The open access initiative has been making waves for years. Publishing important research material quickly and freely with universal access is appealing to Academics and the general public alike. With the introduction of Plan S, the push to create open access availability for all journals is at its peak, and with that momentum, mirror journals were born. These specialty journals make open access available for subscription-based journals, giving even more options for researchers submitting manuscripts. But how are these mirror journals different than their parent journal, what are the advantages to publishing with a mirror journal, and what are some of the hang-ups with this new form of open access?
Mirror journals operate with a gold open access model and publish Academic material freely for anyone to access at any time. This new form of open access publishing launched in 2018 with increasing interest. Like hybrid open access journals, mirror journals are an open access version of a subscription-based journal. However, while a hybrid journal is the same journal, a mirror journal is indexed under a separate ISSN and EISSN, and an “X” is suffixed in the title. Authors submit manuscripts to one journal site and right before acceptance, authors can choose whether they would like their articles to be in the parent journal or the mirror journal, simplifying the submission process. The materials published in a mirror journal are not the same as its subscription-based counterpart and they have their own CiteScore and Impact Factor, but the editorial board, aims and scope, and peer review practices are the same.
The ongoing demand for research to become available through open access is changing the way that publications and researchers approach how they issue their articles. It can be frustrating for a researcher when they find the perfect journal to submit to, but it is not available with open access like they want. Though the ISSNs are different, a mirror journal and its counterpart are essentially the same. Mirror journals help to provide an open access option for journals that are otherwise subscription-based, creating more opportunities for researchers to get exactly what they want. Financially, it makes sense for publishers to create these mirror journals, because they will profit from access to the subscription-based journal as well as the open access. It also allows publishers to corner the market and meet the needs of the Academic, while foregoing the need to launch a completely new open access journal.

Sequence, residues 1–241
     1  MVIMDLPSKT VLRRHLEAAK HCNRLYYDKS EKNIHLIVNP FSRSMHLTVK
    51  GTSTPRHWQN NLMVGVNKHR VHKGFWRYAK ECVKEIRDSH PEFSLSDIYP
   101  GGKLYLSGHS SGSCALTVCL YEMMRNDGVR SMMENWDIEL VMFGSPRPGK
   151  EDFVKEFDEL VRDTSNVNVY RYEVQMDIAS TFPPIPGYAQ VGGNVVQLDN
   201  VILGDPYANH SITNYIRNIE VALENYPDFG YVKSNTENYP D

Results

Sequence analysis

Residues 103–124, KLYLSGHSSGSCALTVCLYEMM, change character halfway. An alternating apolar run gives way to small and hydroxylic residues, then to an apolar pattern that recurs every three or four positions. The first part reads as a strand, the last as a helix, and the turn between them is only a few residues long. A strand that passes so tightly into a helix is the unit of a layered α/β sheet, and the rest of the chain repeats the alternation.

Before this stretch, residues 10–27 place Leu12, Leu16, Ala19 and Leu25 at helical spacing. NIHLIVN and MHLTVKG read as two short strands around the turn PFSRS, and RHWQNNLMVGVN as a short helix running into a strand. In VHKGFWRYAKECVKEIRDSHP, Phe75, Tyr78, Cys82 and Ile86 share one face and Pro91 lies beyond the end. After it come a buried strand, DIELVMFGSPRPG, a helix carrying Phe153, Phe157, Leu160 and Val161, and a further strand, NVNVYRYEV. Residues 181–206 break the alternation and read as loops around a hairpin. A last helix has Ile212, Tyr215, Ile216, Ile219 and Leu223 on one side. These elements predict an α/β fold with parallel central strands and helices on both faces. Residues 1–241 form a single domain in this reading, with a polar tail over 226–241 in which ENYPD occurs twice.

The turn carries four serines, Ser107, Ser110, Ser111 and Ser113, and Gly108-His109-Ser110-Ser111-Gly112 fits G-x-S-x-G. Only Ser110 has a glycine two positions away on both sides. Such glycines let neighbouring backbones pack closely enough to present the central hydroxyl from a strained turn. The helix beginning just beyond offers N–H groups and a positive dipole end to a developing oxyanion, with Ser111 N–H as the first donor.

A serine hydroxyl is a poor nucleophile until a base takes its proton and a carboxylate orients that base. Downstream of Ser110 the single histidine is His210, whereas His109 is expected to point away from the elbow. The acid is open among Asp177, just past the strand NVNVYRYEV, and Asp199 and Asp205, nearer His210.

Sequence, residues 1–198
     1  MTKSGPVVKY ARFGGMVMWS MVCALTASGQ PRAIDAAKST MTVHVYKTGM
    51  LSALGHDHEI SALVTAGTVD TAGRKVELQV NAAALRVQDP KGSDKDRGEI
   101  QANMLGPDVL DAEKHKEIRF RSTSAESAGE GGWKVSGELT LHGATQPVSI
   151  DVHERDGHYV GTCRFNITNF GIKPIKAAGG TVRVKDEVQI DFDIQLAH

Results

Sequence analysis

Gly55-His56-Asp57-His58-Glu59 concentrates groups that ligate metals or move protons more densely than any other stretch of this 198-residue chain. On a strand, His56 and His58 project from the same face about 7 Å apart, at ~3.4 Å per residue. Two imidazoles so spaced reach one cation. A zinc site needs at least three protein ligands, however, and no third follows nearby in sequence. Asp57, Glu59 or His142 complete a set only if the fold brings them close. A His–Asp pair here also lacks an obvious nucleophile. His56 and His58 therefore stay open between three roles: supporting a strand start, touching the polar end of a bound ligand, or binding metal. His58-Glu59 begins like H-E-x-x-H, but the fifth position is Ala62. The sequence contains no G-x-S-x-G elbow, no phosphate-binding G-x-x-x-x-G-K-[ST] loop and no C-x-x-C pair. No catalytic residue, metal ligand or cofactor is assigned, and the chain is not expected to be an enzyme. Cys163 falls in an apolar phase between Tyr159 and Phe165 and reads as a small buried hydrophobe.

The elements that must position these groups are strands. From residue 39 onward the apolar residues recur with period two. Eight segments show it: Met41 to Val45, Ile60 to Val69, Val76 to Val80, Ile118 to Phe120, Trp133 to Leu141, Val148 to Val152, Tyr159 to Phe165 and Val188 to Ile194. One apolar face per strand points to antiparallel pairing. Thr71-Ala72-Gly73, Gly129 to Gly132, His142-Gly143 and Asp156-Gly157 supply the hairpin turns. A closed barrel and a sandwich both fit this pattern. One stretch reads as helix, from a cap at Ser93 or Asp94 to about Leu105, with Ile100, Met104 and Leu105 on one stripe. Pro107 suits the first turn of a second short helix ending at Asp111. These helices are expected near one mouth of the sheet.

Mirror journals offer researchers a choice between subscription-based and open access publishing, but journals that have adapted mirror journals are receiving backlash for “double-dipping.” Publishers will receive payment for access to their subscription-based journal, then again when collecting the payments from authors to publish open access in their mirror journal. In other words, publishers are profiting twice from one journal. These journals are also a direct result of Plan S, which is a movement that requires all publicly funded research projects to be published as open access. Mirror journals are a sort of loophole to this rule, and as such some researchers perceive this move as sneaky.
Mirror journals aim to create open access opportunities for all journals, no matter if they’re subscription-based or not. Have you considered submitting your manuscript with an open access publication? Making sure your document is clean, clear, and free of errors is key in streamlining the submission process. Consider having your manuscript checked for spelling, grammar, punctuation, formatting, consistency, and flow issues with eContent Pro’s professional English language copy editing service!